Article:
Today in #TheLagosReview

Afrikaans Writer, Elsa Joubert, 97, DiesmExplored Black Reality.

Her novel “The Long Journey of Poppie Nongena” was compared to Alan Paton’s “Cry, the Beloved Country” in arousing white opinion against apartheid. She had Covid-19.

Elsa Joubert belonged to a group of dissident writers in Afrikaans who called themselves “Die Sestigers” (the Sixtyers, or writers of the 1960s).

Elsa Joubert, one of South Africa’s best-known writers in the Afrikaans language, whose apartheid-era novel “The Long Journey of Poppie Nongena” opened the eyes of many white South Africans to the harsh treatment that the black majority had been enduring largely out of their sight, died on June 14 in Cape Town. She was 97.

She had received a diagnosis of Covid-19, her son, Nico Steytler, told South African news media.

Ms. Joubert belonged to a group of dissident writers in Afrikaans — a language derived from the 17th-century Dutch spoken by South Arica’s first white settlers — who called themselves “Die Sestigers” (the Sixtyers, or writers of the 1960s).


Legendary African band Orchestra Baobab celebrate 50th anniversary.

THIS YEAR marks the 50th anniversary of one of Africa’s greatest bands, Senegal’s Orchestra Baobab.

Adored both at home in Senegal and across the world, Baobab occupy a special place in the history of African music.

Their epic story begins in the heart of Dakar’s Medina in the 1960s and extends across the world and into the 21st century, featuring a brilliant assembly of diverse musical personalities and encompassing a unique blend of Afro-Latin styles, international pop, West African griot music, and an after-dark West African nightclub ambience of lilting, mellifluous rhythms.

To celebrate this remarkable milestone, the band has announced the issue of their landmark 2002 reunion album ‘Specialist In All Styles’ for the first time ever on vinyl, on September 25.

Alongside this comes a previously unseen video from the archive – a performance of ‘Jiin Ma Jiin Ma’ from their 2015 show at Jazz à Vienne Festival in France.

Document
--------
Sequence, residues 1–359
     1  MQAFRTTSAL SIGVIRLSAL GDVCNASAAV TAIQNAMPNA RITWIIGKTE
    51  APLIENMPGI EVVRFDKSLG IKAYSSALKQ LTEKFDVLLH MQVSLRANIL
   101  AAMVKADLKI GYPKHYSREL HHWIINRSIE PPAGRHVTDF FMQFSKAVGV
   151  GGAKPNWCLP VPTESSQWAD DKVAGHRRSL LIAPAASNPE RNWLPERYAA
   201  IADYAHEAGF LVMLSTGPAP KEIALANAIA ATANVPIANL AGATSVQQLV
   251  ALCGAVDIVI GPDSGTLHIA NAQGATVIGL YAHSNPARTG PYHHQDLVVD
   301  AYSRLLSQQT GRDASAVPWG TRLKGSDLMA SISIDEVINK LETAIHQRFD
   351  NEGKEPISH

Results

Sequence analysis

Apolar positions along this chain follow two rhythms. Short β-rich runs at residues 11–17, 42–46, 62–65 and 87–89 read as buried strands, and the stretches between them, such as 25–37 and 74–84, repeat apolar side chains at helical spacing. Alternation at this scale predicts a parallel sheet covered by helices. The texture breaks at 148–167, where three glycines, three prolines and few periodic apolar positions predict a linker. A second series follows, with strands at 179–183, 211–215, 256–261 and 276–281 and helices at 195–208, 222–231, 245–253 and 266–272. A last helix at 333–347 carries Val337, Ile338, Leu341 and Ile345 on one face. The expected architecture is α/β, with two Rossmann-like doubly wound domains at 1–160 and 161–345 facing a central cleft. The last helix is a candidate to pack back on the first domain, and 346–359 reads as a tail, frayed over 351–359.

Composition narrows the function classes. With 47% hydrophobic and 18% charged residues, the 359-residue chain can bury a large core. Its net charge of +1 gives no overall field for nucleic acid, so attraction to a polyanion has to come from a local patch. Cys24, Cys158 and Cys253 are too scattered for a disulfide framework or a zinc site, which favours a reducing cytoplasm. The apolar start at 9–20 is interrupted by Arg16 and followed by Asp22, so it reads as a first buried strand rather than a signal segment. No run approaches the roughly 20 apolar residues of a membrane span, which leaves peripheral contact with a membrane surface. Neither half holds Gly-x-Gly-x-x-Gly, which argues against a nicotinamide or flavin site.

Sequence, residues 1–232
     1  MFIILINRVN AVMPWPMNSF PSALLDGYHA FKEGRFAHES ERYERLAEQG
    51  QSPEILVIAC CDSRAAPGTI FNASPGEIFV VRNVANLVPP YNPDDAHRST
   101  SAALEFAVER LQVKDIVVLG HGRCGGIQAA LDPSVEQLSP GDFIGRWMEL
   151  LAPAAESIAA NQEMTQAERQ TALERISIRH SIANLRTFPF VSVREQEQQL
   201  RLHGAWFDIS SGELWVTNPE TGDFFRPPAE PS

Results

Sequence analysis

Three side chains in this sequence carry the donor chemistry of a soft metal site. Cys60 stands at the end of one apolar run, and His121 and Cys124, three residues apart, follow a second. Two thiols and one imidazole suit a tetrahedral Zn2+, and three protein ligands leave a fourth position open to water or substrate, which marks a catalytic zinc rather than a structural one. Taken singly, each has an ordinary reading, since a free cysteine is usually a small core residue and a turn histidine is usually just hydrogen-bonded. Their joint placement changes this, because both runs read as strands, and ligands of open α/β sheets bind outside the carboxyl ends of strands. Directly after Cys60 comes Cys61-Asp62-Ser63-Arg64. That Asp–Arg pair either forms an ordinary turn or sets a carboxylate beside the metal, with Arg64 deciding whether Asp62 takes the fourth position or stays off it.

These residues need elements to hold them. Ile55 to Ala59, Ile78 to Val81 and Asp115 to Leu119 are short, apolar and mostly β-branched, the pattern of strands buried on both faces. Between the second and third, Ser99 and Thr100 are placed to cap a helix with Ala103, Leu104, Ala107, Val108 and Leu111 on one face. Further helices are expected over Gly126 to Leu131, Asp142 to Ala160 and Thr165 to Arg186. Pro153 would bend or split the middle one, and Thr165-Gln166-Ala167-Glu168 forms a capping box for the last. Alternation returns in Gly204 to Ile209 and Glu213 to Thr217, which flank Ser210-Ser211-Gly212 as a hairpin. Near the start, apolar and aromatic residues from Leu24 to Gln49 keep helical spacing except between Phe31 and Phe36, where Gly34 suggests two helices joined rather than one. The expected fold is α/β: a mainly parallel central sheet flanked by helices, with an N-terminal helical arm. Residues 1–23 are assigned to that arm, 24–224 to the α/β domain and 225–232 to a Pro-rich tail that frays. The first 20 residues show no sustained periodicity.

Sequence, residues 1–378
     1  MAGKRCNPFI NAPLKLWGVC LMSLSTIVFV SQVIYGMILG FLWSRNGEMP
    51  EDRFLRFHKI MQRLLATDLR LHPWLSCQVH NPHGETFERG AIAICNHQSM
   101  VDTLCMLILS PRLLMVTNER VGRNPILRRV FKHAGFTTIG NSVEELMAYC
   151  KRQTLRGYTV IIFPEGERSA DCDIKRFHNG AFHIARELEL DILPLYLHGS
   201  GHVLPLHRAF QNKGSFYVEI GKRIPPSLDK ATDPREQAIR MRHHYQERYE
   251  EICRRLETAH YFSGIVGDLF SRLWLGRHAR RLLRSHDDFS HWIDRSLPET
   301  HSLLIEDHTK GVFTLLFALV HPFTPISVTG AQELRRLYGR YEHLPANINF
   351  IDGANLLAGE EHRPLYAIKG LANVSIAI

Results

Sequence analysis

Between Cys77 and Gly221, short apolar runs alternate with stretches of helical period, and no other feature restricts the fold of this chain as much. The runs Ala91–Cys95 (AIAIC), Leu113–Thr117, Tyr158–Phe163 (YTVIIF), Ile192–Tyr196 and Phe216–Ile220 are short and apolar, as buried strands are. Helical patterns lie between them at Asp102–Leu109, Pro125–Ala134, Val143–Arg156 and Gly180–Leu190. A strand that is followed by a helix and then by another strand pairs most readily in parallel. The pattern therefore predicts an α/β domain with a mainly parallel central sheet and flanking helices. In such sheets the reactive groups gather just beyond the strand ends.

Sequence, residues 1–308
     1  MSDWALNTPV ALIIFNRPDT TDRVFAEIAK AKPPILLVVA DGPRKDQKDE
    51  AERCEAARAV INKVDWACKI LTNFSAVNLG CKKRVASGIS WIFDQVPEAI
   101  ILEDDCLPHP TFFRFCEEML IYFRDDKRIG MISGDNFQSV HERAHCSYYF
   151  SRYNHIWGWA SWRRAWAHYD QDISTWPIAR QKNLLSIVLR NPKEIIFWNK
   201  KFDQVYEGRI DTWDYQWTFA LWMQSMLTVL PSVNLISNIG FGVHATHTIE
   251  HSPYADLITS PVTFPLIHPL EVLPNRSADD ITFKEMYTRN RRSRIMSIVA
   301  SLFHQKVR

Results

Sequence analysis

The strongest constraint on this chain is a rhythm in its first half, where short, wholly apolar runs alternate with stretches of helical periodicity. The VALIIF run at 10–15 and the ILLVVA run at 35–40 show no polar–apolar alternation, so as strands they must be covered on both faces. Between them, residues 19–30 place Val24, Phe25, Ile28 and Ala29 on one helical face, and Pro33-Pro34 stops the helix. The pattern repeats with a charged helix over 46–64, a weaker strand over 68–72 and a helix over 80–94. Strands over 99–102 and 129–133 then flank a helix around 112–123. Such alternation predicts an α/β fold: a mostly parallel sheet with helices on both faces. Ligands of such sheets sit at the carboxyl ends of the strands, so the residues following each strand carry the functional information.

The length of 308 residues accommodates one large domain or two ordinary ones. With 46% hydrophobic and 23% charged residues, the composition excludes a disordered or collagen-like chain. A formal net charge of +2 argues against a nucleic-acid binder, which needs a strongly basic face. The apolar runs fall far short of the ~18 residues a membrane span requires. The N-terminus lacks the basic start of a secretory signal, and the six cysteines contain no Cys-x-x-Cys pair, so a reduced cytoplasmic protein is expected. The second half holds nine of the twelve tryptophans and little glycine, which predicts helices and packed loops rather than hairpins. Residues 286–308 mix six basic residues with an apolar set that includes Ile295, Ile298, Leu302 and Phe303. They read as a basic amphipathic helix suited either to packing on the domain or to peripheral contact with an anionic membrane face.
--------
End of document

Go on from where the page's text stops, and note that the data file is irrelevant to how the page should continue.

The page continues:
Source: Voice Online

The Virtual Brooklyn Art Book Fair Showcases New Artists’ Books & More.

Organized by Endless Editions, this year’s fair features 47 vendors, interactive public programs, and more.

Summer has finally bloomed in New York, meaning it’s about that time when the Brooklyn Art Book Fair returns with its annual showcase of independent artist-run presses and organizations. The fair, which was begun in 2017 out of a desire to make the art and publishing worlds more accessible, is one of the few that offers a free platform to vendors, allowing them to gain exposure without a financial barrier. At a time when small presses and arts organizations are being negatively impacted by the ongoing COVID-19 pandemic, along with many other sectors, such an opportunity is especially welcome.

Read more

Call for applications: Fellowship on African studies in Germany.

Launched in 2019, the AMCE seeks to reconfigure African studies at both conceptual and the structural levels. The fellowships are conceived as a transformative space for the systematic study of societal, cultural, economic, political and aesthetic processes in Africa and its diasporas, enabling new forms of inter- and transdisciplinary cooperation, including artistic outreach.

The academy will award two fellowships for a period ranging from one to six months, during which the fellows will carry out their research in an efficiently managed environment with excellent working conditions.

Who can apply?

Visual artists.
Fellow activities include:

Participating in the cluster’s research events while in residence; these include regular Thursday afternoon lectures, seminars and discussion groups.
Offering event platforms (reading, performance, concert, exhibition, screening, or the like) based on the art project pursued during the fellowship.
Joining and animating discussion sessions with doctoral candidates and contributing to existing formats such as summer schools.
Collaboration with Bayreuth-based scholars.

A cover letter explaining your motivation to apply for an academy fellowship and indicating the envisaged time of the same (3 500 words max).
CV (PDF format).
Project outline (2 200 words max)
A brief statement on the intended contribution to the cluster’s agenda (600 words max).
A brief statement explaining how any or all the following aspects of diversity will be interrogated in your project: gender and sexuality, class and socioeconomic positionalities, religious and racial politics, disability politics, intersectional readings of power relations, the historicisation of colonial influences on African (continental and diasporic) artistic practices and productions (600 words max).
A complete list of publications, if applicable (PDF format).
Names and contact details of two referees.
The academy will provide the following:

Adequately equipped working space and access to the library resources at University of Bayreuth, as well as access to the collections and archives of Iwalewahaus.
Travel fees and a monthly fellowship, a living allowance, and a mobility/family allowance.
The application deadline is 30 June 2020.

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